Monday, April 02, 2012

Game Changer-in-Chief



Would Obama’s support for marriage equality affect the referendum battle?

A recent story in the Washington Blade suggests that President Barack Obama may be publicly proclaiming his support for same-sex marriage before the election. Citing an “informed source” who spoke to the Blade on the condition of anonymity, “active conversations” are taking place between the White House and the campaign about whether Obama should complete his evolution on marriage and that the chances of his making an announcement are about 50-50.
The Administration, the source noted, would like to roll out another LGBT initiative before the November election, and support for marriage equality would certainly qualify. But there are political concerns that need to be addressed, especially how such an announcement would be received in battleground states. “We’re talking about the Michigans, the Ohios, the Illinois of the world; the real battleground states in which voters are already conflicted and may factor this into their judgment,” the source said.
In what is shaping up to be a tight presidential election, to say these calculations are significant would be a gross understatement. There are myriad factors that can affect the outcome of the election over the next seven months. The economy for sure will be front and center. And tied to that are rising gas prices and how the president is viewed as a result. Then you have international economic concerns as well as geopolitical tensions that could alter the domestic political landscape. And thanks to the GOP candidates, social issues, particularly those that impact women’s rights, have found a renewed place in our politics.
The president’s decision to express his support for marriage equality will depend on his standing in the race at the time as well as his considering the risks with blue-collar Democrats and Independents in swing states against the rewards of mobilizing a portion of his base.
To be sure, Obama’s initiatives in support for LGBT rights have exceeded any other administration in history. The repeal of ‘Don’t Ask, Don’t Tell’ and his opposition to defending DOMA in Federal court are landmarks of his first term. Nobody will be shocked—not even in the battleground states—that Obama takes a positive stance on marriage equality given his pro-LGBT record. He would only be following a trend in the country that indicates increasing acceptance of marriage for same-sex couples.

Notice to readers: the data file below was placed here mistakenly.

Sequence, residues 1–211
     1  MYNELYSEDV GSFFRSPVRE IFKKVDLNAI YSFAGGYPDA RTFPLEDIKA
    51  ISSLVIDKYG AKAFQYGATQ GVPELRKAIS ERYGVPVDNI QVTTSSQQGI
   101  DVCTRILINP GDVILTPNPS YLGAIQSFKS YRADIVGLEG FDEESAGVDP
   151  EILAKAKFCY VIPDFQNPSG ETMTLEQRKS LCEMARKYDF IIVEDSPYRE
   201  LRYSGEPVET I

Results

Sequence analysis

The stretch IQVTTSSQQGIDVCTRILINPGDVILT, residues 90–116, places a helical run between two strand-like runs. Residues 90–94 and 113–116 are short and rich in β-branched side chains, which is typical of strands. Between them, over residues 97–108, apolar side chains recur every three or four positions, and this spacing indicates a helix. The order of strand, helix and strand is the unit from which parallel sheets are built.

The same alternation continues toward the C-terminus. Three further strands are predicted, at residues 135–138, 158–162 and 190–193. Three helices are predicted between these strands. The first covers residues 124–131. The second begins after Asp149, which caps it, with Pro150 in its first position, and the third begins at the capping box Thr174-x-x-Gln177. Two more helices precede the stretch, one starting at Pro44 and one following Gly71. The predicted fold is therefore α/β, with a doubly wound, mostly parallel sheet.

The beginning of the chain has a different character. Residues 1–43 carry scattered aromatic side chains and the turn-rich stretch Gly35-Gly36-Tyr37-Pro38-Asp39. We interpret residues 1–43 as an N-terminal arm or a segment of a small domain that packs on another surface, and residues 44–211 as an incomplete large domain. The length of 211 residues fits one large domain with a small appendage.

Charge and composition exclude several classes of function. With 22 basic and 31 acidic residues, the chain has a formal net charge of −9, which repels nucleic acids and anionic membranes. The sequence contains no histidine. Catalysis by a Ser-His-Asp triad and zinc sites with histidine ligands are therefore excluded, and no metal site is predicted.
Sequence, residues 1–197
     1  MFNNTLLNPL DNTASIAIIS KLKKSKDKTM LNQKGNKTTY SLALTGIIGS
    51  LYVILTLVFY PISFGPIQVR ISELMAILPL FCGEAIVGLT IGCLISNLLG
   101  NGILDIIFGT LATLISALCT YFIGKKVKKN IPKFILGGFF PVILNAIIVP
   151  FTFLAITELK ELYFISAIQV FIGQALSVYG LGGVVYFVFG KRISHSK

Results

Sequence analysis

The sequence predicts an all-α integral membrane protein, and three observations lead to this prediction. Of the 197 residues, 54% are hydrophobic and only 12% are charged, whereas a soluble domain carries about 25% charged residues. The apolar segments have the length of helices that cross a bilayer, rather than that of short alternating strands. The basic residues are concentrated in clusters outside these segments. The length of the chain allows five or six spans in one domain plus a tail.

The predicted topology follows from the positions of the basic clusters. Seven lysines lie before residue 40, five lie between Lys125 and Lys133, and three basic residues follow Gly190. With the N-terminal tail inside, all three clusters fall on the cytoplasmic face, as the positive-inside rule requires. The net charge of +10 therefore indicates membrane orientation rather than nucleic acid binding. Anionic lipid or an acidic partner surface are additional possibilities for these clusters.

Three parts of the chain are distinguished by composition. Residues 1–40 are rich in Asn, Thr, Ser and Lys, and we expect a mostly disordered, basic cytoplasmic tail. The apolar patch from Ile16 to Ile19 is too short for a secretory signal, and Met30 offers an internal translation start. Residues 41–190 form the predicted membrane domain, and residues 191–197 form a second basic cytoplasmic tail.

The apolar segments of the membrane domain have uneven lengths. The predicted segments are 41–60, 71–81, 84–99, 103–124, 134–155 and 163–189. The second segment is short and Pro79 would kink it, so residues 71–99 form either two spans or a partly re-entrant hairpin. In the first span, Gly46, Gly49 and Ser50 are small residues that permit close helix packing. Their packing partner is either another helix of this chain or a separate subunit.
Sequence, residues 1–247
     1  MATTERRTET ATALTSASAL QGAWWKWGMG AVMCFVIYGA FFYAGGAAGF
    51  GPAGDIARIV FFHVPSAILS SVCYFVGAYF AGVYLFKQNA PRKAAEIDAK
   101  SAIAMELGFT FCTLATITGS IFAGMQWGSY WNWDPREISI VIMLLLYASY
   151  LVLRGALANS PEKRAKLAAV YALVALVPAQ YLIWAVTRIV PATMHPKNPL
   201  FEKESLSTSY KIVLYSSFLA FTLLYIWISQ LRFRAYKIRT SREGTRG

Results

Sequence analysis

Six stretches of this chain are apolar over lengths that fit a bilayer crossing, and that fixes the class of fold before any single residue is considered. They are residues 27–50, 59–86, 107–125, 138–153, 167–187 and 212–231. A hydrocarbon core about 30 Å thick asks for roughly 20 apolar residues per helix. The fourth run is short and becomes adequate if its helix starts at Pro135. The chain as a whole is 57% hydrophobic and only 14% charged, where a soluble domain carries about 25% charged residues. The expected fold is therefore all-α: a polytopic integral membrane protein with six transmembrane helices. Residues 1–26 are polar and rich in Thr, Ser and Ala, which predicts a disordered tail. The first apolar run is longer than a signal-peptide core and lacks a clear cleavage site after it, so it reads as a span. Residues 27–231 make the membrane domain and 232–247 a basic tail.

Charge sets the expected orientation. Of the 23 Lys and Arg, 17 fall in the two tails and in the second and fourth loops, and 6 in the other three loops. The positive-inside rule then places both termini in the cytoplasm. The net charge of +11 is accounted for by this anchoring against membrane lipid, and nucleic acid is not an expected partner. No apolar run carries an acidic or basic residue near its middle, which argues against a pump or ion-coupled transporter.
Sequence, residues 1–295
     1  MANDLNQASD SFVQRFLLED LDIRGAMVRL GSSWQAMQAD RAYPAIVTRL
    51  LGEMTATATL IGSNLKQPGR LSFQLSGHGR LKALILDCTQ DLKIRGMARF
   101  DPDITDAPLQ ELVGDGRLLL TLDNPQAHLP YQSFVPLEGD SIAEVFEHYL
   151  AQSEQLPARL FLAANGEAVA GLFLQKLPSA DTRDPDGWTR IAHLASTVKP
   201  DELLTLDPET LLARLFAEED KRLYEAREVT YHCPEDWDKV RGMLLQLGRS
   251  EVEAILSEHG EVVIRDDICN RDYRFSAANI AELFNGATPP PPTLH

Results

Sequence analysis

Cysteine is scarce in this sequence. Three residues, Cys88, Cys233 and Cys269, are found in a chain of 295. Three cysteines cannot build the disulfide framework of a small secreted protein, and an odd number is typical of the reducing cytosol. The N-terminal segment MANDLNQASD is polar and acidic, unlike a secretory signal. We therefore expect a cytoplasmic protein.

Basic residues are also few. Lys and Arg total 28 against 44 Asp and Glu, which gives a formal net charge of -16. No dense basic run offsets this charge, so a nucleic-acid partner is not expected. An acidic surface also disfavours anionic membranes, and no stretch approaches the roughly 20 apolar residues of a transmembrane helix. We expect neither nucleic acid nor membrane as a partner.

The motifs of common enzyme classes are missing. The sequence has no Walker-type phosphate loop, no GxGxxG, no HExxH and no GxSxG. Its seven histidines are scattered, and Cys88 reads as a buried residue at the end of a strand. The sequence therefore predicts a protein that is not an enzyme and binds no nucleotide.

So, if the president makes that leap and announces his support for marriage equality, how will this revelation play out in Maryland?
An independent poll conducted by OpinionWorks of 601 registered Maryland voters from March 16-19 was telling. (For complete results visit here.)
It shows a slight tilt towards opposition to marriage equality (3 percent) but within the margin of error. Therefore, it’s a dead heat statistically—split evenly among voters—although the intensity levels favor marriage equality opponents. For example, 37 percent of those polled “strongly” want to repeal the Civil Marriage Protection Act that had been signed by Governor Martin O’Malley on March 1. On the other hand, 31 percent “strongly” support the law.
Beneath those results there are numbers that cannot be ignored. In Baltimore City, the state’s most populous jurisdiction, voters oppose marriage equality 49 to 35 percent. And among African-Americans statewide, those who oppose the law outweigh supporters by a margin of 48 to 29 percent.
To be sure, the polling data contain other breakouts, such as frequency of attending worship services, jurisdiction, age, gender, and party affiliation. For instance, weekly churchgoers oppose the law by 58 to 28 percent. Voters on the Eastern Shore are heavily against the law by 72 to 14 percent. And those over age 65 oppose marriage equality by 54 to 32 percent. But women favor the law over men by a solid 47-33 margin. And Democrats and Independents out-support Republicans 46 to 26 percent.
But with African-Americans comprising nearly 30 percent of Maryland’s population, many believe that group should be the focus of a strategy to defeat the referendum. If a fair number of churchgoing African-Americans can be convinced to support the law, it could result in a victory for pro-marriage equality advocates.
Steve Raabe, President of OpinionWorks, told me that because the polling data reveal a close contest, any major action to change the current dynamic could result in the defeat of the referendum effort. He said if President Obama were to publicly embrace marriage equality, it could influence those African-Americans who are “soft” on the issue.
“It is likely that people with the strongest feelings on this issue have already declared
themselves, so that the referendum battle will be waged over the small number in the middle who may be coming out to vote in the presidential race, but for whom this issue is not do or die,” Raabe said in releasing the poll.
Raabe also suggested that if religious leaders of all races but particularly African-Americans would overtly defend marriage equality, it could convince enough voters. Governor O’Malley could also be beneficial if he vigorously campaigns for marriage equality as he did in the legislature. And if some “mainstream individuals with broad appeal and stature” would publicly declare their support it could help swing the vote favorably.
But the real game changer could be President Obama. His re-election attempt will drive a large number of African-Americans to the polls. For those who aren’t motivated by deep-seated religious convictions, his “evolution” having been complete could convince those uncertain voters in sufficient numbers to allow marriage equality to stand in the Free State.

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